Hillary ClintonHillary Rodham ClintonTrump will 'break up the new media conglomerate oligopolies,' campaign says Lots of (just) talk about 'draining the swamp' Karl Rove: 'I dont see' Trump winning the election MORE leads the other potential 2016 Democratic presidential candidates by a six-to-one margin, while the Republican race is wide open, a new poll suggests.
Clinton received 73 percent of support for a presidential bid among Democrats and independents leaning that way, according to a Washington Post-ABC News poll released Thursday.
Vice President Biden came in second place with 12 percent support and Sen. Elizabeth WarrenElizabeth WarrenCurt Schilling joining Breitbart: report Schilling lashes out: 'I'm apparently an anti-Semite' for asking questions Curt Schilling to Jake Tapper: How can Jews be Democrats? MORE (D-Mass) came in third with 8 percent.
The pollsters say Clinton’s lead is the largest recorded in 30 years of Washington Post-ABC News polling.
No one in the GOP field received as much support as Clinton in the poll. Six Republican candidates, in fact, received between 10 percent and 20 percent.
Rep. Paul RyanPaul RyanRNC chairman: Ryan one of 'brightest stars' in Republican Party Gingrich: 'Of course' we can afford to have president with split personality Could a President Clinton heal a divided nation? MORE (R-Wis.) leads the pack with 20 percent support, with former Florida Gov. Jeb Bush (R) in second with 18 percent. Christie came in third place with only 13 percent among Republicans and independents leaning in that direction.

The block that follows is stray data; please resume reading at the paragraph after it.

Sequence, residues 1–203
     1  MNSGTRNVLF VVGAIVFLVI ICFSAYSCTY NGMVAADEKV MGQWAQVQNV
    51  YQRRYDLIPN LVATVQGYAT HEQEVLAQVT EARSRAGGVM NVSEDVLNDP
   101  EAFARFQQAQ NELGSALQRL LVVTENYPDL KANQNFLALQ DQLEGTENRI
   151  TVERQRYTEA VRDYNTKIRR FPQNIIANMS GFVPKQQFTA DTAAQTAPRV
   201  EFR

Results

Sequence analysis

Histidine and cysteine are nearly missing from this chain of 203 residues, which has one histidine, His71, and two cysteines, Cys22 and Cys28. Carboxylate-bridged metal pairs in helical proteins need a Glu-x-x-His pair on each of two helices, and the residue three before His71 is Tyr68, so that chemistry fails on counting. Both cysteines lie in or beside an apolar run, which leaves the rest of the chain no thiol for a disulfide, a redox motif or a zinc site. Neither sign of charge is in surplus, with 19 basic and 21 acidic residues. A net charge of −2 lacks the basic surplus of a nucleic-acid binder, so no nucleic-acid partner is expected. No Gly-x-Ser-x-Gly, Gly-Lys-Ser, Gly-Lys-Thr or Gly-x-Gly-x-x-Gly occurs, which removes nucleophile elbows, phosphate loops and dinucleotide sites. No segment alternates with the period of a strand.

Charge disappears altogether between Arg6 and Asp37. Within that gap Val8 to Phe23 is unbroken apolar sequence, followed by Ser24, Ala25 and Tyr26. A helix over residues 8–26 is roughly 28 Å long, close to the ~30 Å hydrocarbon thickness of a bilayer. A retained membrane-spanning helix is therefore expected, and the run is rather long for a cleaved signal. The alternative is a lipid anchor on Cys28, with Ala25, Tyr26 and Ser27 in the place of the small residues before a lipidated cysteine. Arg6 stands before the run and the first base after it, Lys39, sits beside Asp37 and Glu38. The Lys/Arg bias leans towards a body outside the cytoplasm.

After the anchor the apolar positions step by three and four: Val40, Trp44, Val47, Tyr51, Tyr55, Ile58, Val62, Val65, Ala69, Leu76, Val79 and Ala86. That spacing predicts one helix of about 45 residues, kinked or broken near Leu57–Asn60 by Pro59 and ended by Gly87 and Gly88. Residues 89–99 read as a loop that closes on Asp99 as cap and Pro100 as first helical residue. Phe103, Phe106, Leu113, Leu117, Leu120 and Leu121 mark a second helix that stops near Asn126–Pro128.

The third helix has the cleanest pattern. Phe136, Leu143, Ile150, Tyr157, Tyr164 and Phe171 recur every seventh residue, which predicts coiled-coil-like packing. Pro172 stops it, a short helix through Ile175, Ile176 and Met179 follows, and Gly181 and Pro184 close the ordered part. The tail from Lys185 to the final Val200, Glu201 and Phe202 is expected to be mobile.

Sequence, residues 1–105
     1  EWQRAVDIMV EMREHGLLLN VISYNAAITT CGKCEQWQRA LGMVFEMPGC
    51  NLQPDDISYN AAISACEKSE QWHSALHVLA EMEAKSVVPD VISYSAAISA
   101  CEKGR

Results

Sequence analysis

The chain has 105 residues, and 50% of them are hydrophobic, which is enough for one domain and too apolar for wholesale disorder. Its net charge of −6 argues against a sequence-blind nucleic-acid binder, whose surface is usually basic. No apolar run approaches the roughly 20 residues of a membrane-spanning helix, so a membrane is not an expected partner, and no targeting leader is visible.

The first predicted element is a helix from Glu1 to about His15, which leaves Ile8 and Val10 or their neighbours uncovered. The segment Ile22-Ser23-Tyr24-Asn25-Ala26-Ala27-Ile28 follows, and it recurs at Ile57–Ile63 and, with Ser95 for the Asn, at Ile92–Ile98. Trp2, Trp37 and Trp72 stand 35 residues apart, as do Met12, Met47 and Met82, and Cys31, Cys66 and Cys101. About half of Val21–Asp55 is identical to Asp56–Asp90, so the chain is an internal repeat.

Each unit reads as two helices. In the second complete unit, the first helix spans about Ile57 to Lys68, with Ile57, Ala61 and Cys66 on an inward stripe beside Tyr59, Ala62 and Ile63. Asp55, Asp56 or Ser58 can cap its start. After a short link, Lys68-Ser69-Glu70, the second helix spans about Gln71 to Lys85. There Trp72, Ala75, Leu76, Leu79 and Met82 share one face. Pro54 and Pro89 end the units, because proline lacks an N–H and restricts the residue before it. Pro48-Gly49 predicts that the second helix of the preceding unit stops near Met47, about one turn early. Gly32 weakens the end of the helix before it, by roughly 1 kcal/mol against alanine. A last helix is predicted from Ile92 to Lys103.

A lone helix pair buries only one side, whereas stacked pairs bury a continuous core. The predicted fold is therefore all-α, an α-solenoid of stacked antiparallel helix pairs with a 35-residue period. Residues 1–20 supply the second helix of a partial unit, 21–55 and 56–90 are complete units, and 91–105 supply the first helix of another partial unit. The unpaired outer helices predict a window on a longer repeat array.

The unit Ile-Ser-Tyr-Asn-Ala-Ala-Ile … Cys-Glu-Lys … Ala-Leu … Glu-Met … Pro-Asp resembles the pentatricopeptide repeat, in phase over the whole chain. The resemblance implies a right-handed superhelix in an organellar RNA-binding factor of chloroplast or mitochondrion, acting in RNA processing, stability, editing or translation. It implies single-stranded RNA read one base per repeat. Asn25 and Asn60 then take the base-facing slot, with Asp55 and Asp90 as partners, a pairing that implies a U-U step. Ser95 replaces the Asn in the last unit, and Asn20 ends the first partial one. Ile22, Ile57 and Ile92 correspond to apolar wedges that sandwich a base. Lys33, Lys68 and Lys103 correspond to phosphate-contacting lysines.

Forty-three percent of Republicans view Christie favorably, compared to 33 percent who view him unfavorably, the poll indicates.
Three Republican senators who may also run received the least amount of support in the poll. Ted CruzTed Cruz56 memorable moments from a wild presidential race Is Georgia turning blue? Five takeaways from money race MORE (Texas) received 12 percent, Rand PaulRand PaulWhat the 'Bernie Sanders wing of the GOP' can teach Congress GOP senators avoid Trump questions on rigged election How low is the bar for presidential candidates, anyway? MORE (Ky.) had 11 percent and Marco RubioMarco Rubio56 memorable moments from a wild presidential race New York Times endorses Rubio's rival Rubio: GOP Congress could go in different direction than Trump MORE (Fla.) received 10 percent.
Four percent of voters leaning Republican said they wouldn’t vote for any of the above candidates. The poll indicated 9 percent of them had no opinion of the GOP field.